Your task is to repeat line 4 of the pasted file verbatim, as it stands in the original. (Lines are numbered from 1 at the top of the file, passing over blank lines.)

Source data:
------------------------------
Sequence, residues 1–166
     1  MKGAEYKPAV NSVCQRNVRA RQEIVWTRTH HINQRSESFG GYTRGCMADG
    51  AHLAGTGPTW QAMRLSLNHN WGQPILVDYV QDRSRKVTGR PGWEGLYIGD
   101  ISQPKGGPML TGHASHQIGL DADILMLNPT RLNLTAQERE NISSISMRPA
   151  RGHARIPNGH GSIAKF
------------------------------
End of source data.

   101  ISQPKGGPML TGHASHQIGL DADILMLNPT RLNLTAQERE NISSISMRPA